Document home

Visual C++

WPF Localization and Internationalization

Windows Presentation Foundation (Wikipedia) is the most recent framework to build GUI applications in .NET. The classic framework is Windows Forms. WPF uses .xaml and .resx files to store resource data. Soluling supports all WPF applications from .NET 3.0 to the newest version of .NET, such as .NET Core and .NET 5. Soluling localization tool and service also support XAML files.

The following chapters describe the WPF localization step by step.

Localization Process

You can localize WPF applications using the following methods:

1. Visual Studio project or solution file localization method

The first way to localize a .NET project is to add a Visual Studio project file (.csproj or .vbproj) into a Soluling project. Soluling reads the project file to locate all the resource files it uses (.resx, .xaml, images, etc.). You don't have to select all the resources files manually, but adding one single project file is enough.

If you have multiple project files, you can add a Visual Studio solution file (.sln) instead of individual project files. If you later add new projects into your solution, you don't have to add anything into your Soluling project because Soluling will automatically find the new items from the solution file and adds them to the project. The result you will get by using a Visual Studio solution file instead of individual project files is exactly the same. Your Soluling project will contain the same sources, you can configure them in the same way, and the output files will be the same. Support for Visual Studio solution file is to make things easier for you.

2. Assembly file localization method

Another way to localize a .NET project is to add an assembly file into a Soluling project. Soluling reads the assembly to locate all the resource data it uses. When building, Soluling creates satellite assembly files. There is one output file (.resources.dll) for each language. You don't need to have the source code files. The only file you need is the original assembly file.

In addition to creating satellite assembly files, Soluling can also create localized assembly files. The difference is that the localized assembly file is an identical copy of the original assembly. It contains exactly the same code segments as the original. You can replace the original assembly with localized assembly without breaking anything. You deploy the localized assembly file without the original assembly file. The satellite assembly files, on the other hand, contain only resources. They do not contain any code. They do not run alone but must always be deployed with the original assembly file. By default, Soluling creates satellite assembly files. You can change this by using the Output sheet of Source dialog.

The main UI resource of a WPF application is XAML. Visual Studio creates the original XAML files that are XML based text files. When an assembly is compiled, the compiler converts XML based XAML files into binary BAML files that are stored into assembly files as resources similar to compiled .resx files. Unfortunately, the conversion from XAML to BAML is a one-way operation. BAML file can not be fully converted back to the original XAML. However, BAML files can be localized but with limitations: not all properties can be localized, and each element must have an x:Uid attribute (not Uid). It is recommended to manually add x:Uid attributes so you can give a meaningful value for the attribute (the attribute value is used as a context value). However, if you want to use a more automated approach, you can use the following command.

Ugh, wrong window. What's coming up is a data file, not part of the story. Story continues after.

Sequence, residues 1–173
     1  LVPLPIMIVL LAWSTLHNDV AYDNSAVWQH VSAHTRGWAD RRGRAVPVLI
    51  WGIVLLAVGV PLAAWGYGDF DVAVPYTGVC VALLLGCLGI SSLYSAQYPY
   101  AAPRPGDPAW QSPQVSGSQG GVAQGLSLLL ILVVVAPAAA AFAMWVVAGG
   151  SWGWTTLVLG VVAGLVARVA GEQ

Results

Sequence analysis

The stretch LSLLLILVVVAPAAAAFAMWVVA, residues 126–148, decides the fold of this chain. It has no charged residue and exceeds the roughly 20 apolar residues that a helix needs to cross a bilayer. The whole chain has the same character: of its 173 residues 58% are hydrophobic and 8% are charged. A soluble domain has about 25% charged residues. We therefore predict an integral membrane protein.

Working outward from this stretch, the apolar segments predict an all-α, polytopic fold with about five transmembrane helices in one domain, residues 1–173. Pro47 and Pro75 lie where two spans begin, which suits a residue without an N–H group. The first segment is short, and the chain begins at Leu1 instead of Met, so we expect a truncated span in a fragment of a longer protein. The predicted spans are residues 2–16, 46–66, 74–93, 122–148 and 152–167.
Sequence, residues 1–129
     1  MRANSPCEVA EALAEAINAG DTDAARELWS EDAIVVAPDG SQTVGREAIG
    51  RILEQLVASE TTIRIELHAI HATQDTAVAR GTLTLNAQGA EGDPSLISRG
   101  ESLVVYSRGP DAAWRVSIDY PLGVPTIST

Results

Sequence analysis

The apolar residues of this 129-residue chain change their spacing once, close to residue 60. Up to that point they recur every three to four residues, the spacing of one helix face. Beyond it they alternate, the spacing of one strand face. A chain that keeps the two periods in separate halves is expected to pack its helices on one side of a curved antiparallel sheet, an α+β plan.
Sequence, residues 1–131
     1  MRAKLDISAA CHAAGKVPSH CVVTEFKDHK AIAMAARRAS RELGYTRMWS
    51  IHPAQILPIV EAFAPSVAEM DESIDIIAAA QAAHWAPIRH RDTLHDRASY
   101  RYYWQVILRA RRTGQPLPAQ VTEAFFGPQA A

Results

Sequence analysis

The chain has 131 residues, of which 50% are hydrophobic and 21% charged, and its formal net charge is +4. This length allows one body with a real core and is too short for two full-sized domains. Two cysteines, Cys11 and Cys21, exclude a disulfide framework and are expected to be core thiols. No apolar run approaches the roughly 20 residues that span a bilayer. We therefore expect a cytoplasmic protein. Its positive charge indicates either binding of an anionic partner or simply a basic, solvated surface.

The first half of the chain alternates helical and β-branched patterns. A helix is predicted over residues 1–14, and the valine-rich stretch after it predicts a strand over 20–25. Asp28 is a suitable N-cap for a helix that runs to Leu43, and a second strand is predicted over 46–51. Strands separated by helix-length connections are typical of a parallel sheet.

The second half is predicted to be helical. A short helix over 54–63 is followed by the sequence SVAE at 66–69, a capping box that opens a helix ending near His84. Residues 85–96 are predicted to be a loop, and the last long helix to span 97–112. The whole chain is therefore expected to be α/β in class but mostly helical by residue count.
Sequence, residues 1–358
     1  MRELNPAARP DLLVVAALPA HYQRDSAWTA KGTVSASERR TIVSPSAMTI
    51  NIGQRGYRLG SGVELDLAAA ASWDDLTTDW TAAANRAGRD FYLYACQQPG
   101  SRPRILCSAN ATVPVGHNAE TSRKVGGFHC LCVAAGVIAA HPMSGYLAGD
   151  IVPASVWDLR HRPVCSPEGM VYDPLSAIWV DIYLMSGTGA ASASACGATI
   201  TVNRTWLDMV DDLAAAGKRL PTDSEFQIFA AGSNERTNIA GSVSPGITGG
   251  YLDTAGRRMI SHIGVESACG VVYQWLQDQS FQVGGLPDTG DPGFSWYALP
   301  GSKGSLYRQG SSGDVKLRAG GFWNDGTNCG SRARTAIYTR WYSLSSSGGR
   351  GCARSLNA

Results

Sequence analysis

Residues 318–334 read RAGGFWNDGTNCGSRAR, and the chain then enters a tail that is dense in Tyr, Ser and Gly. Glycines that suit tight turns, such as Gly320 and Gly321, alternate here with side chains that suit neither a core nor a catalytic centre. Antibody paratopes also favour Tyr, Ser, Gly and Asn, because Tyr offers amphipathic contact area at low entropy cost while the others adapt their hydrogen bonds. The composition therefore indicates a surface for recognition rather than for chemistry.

MsBuild.exe /t:updateuid MyProject.csproj

MsBuild.exe tool can be found from .NET framework directory (e.g. C:\Windows\Microsoft.NET\Framework\v4.0.30319\MsBuild.exe)

Note! The assembly file localization method can be used for assemblies that use Any CPU platform target.

3. Resource file localization method

The last localization method is to localize each XAML file (.xaml) and resource file (.resx). Soluling reads the original resource file and, when building, creates localized resource files. There is one output file for each language. Even this method seems easy, it has two drawbacks. First is that you can not use localized resource files directly, but you have to put them inside an assembly file. If you use resource file localization, it is up to you to compile either the localized assembly file(s) or localized satellite assembly file(s). Second is that a typical .NET project contains dozens of resource files, and in many cases, they are scattered around several folders. You have to add them all to your Soluling project. Even using wildcards, it may be complicated. Also, every time you add a new resource file, you may have to add it to the project.

Creating a Soluling project

Start by creating a new Soluling project. Drag and drop a Visual Studio project file (.csproj or .vbproj), a Visual Studio solution file (.sln), or a .NET assembly file (.exe or .dll) to Soluling. Project Wizard appears showing first the Resources page.

WPF resources

Select the resource types you want to localize. In most cases, the default types (ResX and XAML) are all you need to localize. Click Next. If you have previously localized your application, you might have localized .resx and/or .xaml files. In this case, Soluling finds the existing localized file. If at least one file is found, Project Wizard shows the following page.

Existing files

Click Next. The Languages page appears. If no existing languages were found, the language list is initially empty. If existing languages were found, the list contains them. In either case, you can add any number of target languages.

Languages

Finally, click Finish to complete Project Wizard. Your new Soluling project is ready.

WPF project

Context value